A Composer’s Difficult Question

From Stephen Perks, posted on Facebook at “Conductors and Scores”
“I would like to ask a question of the Conductors in this discussion group. I am a composer of orchestral music and I have had great difficulty getting my orchestral music performed. I have had a few performances by amateur groups, and the response of both orchestras and audience has been very positive, yet it is still very difficult to get further performances. I realize that amateur and professional groups have different problems and issues to consider. I have tried approaching conductors without much success. I don’t know how to get any further. I have sent pieces off to conductors and asked orchestras, but usually it is difficult to get an answer or even my score back, let alone a chance of a performance. What I want to ask is this:
How should an unknown composer of neo late-Romantic orchestral music approach a conductor to try and get the conductor interested in performing his music? What is the best way to go about this?
I am posting a few pages of the score for my second symphony below, which I would like to get performed….
Thanks for any feedback. I don’t know of this is of any relevance or not but I am in the UK, south west of England.
COMMENT made by Webster Young (founder of this blog and of the Facebook page) :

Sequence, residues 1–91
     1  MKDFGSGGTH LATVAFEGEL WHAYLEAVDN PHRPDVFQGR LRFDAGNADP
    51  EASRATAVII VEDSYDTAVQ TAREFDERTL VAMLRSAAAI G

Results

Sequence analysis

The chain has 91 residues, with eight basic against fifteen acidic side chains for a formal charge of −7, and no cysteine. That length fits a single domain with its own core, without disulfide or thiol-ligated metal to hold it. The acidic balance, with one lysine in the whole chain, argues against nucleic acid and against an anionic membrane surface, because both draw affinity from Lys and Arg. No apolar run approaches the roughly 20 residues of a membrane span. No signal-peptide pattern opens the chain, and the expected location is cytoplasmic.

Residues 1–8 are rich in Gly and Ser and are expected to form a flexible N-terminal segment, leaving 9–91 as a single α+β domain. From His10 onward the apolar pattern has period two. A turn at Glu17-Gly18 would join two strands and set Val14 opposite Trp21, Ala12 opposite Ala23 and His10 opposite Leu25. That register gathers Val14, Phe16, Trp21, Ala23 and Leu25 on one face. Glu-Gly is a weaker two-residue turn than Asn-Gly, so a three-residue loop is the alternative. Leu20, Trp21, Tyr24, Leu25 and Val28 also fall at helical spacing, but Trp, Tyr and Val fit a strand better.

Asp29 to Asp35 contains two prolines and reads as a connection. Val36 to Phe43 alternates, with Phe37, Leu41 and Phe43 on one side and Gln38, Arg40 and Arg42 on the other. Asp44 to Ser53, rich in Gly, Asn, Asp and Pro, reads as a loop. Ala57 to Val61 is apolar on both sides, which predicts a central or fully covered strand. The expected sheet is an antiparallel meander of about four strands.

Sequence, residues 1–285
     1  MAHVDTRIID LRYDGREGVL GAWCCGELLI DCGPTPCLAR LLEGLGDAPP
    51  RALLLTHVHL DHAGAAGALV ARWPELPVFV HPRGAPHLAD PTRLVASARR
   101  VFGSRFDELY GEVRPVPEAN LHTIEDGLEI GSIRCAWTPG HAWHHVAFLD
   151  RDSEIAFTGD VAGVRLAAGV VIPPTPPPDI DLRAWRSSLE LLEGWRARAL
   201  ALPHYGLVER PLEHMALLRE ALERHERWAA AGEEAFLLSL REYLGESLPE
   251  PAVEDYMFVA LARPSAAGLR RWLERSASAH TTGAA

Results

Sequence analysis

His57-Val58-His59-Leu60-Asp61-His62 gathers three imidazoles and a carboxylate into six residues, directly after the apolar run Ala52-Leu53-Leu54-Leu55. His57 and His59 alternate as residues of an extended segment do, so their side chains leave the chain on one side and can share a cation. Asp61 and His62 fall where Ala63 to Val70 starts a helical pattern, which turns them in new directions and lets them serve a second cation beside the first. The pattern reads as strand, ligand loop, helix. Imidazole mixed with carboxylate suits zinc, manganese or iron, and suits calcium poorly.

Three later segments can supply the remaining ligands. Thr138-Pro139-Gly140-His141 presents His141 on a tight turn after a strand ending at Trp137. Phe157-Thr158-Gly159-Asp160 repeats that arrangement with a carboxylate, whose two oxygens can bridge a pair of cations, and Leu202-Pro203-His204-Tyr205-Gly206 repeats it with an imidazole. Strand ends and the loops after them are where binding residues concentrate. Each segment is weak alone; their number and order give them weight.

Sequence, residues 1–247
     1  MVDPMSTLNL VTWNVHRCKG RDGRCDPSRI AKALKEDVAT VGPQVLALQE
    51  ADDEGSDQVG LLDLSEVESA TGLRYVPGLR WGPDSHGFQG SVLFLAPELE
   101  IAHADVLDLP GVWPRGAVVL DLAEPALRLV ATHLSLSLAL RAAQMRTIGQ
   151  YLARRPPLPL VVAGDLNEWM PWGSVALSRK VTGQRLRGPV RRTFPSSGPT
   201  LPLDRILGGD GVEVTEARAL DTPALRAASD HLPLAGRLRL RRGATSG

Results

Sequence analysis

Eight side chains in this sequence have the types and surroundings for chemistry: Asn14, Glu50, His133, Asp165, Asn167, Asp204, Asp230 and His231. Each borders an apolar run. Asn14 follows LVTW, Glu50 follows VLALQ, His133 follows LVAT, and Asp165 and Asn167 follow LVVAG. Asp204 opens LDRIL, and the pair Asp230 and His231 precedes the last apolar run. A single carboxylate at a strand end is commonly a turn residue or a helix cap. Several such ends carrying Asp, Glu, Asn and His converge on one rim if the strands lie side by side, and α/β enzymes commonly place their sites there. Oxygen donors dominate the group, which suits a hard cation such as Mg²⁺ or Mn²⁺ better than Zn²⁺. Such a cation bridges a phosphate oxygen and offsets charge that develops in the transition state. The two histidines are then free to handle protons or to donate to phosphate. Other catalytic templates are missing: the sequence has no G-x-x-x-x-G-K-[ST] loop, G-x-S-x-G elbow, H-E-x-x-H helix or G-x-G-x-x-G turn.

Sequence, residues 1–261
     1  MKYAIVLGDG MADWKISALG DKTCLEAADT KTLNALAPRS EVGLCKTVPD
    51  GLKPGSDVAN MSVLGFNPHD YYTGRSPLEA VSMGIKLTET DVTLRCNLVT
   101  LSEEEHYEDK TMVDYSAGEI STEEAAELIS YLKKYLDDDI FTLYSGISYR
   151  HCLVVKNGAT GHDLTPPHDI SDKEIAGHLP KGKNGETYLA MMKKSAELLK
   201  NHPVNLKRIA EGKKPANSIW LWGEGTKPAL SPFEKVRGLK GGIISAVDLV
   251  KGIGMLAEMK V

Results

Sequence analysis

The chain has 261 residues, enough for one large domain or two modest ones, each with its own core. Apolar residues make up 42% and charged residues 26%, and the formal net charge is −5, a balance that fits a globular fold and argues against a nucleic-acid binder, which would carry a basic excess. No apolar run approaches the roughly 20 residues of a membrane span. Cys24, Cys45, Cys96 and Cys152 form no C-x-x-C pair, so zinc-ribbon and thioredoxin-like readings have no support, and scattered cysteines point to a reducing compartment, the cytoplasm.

(I invited Stephen to post this) I think it should be interesting to hear all positive practical suggestions. I would like to comment about the overall problems that make it difficult for new compositions to enter the repertoire (because entering the repertoire is what new music rarely ever does…) I have founded a blog to discuss the big questions, called Restore the Arts, at transarts.live – it also has a Facebook Page of the same name. I think the two biggest problems facing the music world – and especially new composers – are 1. The failure of music criticism to create progress and 2. the disappearance of amateurism as a positive influence. Re1: The failure of music criticism is hard to put in a nutshell – but the big problem is that it does not encourage people to discard, permanently, outmoded or mediocre things (like atonality, or tired minimalism). If you do not discard outmoded things for better things, you cannot progress or recognize true progress. Re 2: The loss of enlightened amateurism is devastating because now no one recognizes the role of talent that is not on the level of genius. This role at one time was valuable, in helping to educate, to prepare the way for those other, very rare, talents that should be preserved for the good of the art form. Now everyone competes for the same recognition, making it impossible for anyone to be recognized except by sheer circumstance and luck. (Example: Anne Midgette celebrated in a Washington Post article the appearance of a new database of some 2000 new women composers. Is it good news that there 2000 more new composers of any gender – when the world has never discovered more than a few great composers in any era of music history?) An enlightened amateurism should be in place, coupled with a new music criticism, to encourage the hundreds of new women composers in the database who are not worthy of being preserved, to recognize another role for themselves in the music world (and men too of course.) One need is for more and better music critics – composers should fill this need, and guide amateurs as well. (TS Eliot said that poets make the best poetry critics, and explains why, and the same can be true in music.). I will post this at Restore the Arts.

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